Critics have pointed out that insects will eventually develop resistance to the insecticide produced by  Bt. II cotton seeds. They have also noted that the toxin produced by the Bt. II cotton seed is active only for 90 days and that the bollworm is a late season pest (cotton season can last as long as 160 days). Therefore, bollworms have become problematic for cotton farmers. With the rise of industrial agriculture in India and the use of new hybrid and GM seeds, farmers have become increasingly reliant on insecticides. Unfortunately, the bollworms have evolved to become resistant to these insecticides and their natural predator populations have also declined. As a result, farmers must purchase large quantities of insecticides to harvest cotton.

Low pay for cotton farmers

Cotton farming is a low paying profession.  Not surprisingly, a dip in the global price of cotton can spell disaster for farmers. As a result, many farmers have turned to loan sharks to pay for fertilizers, insecticides, and hybrid and GM seeds. Cycles such as this have driven farmers deeper into debt and tragically to suicide.

Many of the materials needed for farming and agriculture in India are heavily subsidized or offered without cost to the farmers by the Indian government. Therefore, the purchase of insecticides and high priced GM seeds as well as the reliance on irrigation and sporadic rains ultimately drain farmers’ finances. Figure 2 below shows that over time, increased adoption of Bt. cotton correlates with an increase in number of suicides by farmers.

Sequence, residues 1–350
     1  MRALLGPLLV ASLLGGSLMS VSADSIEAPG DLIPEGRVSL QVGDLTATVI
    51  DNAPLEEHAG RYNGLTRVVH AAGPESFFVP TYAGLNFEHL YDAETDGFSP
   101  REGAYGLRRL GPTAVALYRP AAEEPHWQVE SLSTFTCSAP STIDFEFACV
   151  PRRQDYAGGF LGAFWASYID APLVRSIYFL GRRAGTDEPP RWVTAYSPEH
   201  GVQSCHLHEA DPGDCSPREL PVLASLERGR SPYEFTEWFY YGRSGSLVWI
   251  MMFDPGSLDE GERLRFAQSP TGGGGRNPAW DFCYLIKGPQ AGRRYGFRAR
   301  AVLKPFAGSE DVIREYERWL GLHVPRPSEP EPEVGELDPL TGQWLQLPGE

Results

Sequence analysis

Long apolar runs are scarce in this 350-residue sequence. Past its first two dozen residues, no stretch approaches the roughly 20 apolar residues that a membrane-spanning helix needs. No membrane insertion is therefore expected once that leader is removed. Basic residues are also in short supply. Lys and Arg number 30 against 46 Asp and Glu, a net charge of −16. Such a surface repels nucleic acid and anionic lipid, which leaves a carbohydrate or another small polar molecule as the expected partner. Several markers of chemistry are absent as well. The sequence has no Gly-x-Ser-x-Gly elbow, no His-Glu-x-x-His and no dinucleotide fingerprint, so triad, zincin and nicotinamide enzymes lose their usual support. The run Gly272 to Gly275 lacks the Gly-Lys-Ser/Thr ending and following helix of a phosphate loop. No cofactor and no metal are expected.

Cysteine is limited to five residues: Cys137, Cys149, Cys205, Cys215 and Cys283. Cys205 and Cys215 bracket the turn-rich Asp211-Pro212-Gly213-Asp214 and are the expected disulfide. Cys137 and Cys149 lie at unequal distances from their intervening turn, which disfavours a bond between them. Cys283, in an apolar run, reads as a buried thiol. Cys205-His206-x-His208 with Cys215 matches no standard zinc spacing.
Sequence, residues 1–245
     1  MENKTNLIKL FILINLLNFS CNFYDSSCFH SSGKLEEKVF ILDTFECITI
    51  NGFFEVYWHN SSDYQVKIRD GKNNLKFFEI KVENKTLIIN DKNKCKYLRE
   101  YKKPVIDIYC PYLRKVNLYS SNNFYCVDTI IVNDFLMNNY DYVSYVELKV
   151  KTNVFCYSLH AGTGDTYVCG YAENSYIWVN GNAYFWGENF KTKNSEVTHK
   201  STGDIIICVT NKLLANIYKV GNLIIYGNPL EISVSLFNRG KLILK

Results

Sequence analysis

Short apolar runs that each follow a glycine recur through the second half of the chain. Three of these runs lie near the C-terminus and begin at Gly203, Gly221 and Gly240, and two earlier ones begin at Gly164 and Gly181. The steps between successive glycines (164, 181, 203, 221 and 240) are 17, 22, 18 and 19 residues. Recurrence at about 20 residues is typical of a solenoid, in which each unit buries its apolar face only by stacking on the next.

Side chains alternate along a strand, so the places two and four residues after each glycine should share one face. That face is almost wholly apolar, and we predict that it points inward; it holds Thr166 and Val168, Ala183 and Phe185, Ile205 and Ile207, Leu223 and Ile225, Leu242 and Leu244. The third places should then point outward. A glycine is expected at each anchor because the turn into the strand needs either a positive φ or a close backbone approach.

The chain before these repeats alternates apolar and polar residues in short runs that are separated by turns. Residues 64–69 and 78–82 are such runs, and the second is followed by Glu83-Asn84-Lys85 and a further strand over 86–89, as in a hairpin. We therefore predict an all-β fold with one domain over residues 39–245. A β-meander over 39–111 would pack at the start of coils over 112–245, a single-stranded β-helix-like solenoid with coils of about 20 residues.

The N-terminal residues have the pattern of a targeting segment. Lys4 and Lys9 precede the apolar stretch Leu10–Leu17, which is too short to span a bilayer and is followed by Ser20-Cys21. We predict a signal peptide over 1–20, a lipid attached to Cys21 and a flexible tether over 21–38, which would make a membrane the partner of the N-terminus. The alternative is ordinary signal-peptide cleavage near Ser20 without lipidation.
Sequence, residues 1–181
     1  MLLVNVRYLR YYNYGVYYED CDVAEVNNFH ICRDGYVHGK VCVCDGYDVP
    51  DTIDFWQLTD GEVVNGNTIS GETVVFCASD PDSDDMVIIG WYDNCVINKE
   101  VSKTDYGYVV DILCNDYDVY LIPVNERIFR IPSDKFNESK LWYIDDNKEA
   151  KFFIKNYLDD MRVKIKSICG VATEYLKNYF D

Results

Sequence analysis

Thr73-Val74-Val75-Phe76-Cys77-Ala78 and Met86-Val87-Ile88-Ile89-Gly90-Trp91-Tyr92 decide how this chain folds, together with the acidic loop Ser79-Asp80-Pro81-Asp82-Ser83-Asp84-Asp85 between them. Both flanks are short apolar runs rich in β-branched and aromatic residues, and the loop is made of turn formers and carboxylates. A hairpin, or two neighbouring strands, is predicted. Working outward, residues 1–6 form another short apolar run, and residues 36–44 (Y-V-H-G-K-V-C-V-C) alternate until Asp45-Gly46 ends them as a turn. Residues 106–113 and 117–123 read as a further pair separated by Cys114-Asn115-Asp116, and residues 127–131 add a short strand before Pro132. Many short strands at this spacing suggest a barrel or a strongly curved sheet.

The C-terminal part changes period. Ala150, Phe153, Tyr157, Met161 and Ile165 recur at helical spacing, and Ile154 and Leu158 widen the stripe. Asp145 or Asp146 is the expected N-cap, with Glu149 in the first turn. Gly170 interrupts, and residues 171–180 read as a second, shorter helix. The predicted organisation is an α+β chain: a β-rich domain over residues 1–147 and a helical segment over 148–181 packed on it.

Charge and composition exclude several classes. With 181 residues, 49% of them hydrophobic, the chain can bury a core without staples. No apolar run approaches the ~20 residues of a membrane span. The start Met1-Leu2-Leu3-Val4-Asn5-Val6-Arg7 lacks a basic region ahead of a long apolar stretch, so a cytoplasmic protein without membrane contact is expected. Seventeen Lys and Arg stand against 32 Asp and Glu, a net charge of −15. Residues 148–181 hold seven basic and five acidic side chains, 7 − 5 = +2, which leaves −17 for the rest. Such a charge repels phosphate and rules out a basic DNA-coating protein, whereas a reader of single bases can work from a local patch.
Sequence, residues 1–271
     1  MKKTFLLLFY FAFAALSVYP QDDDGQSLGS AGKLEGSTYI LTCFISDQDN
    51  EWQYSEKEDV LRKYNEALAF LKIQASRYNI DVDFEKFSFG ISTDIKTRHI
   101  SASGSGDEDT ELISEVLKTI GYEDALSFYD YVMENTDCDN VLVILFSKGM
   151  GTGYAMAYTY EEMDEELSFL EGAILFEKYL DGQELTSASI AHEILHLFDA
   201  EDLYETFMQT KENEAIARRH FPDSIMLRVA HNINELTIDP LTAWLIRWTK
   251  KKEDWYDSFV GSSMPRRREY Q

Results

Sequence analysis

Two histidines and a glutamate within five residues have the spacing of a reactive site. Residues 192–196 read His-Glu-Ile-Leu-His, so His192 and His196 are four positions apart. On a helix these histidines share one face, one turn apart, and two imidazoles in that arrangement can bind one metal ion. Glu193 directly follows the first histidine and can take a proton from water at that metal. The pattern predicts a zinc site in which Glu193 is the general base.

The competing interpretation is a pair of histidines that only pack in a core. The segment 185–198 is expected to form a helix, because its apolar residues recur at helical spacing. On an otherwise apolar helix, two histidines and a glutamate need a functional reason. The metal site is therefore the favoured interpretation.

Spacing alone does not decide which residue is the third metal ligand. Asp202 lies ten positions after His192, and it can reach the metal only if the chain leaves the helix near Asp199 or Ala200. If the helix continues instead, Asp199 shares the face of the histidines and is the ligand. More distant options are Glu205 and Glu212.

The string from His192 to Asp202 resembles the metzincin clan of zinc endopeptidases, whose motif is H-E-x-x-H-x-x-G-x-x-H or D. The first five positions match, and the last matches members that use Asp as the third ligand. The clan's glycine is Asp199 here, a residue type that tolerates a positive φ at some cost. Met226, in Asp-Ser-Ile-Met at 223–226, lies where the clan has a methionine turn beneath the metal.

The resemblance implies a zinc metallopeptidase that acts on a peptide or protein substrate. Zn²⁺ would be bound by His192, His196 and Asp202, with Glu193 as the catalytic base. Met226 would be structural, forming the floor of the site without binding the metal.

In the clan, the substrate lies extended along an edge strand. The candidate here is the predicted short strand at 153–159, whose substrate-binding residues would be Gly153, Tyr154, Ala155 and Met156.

Figure 2: Farmer suicides in India, 1997-2006

chart 2.png

India’s Cotton Seed Regulations

The farmer suicide epidemic has resulted in the Indian government regulating prices for Bt. cotton seeds. The aim is to help decrease the financial burden of India’s cotton farmers and break MMB’s monopoly on the GM seed market.

On December 7, 2015, the Ministry of Agriculture and Farmers Welfare (“Ministry”) issued a price control order, entitled the “Cotton Seed Price (Control) Order, 2015”, to bring uniformity in GM Bt. cotton seed prices across the states in India where previously none existed. This Order was created under the section 3 of the Essential Commodities Act, 1955.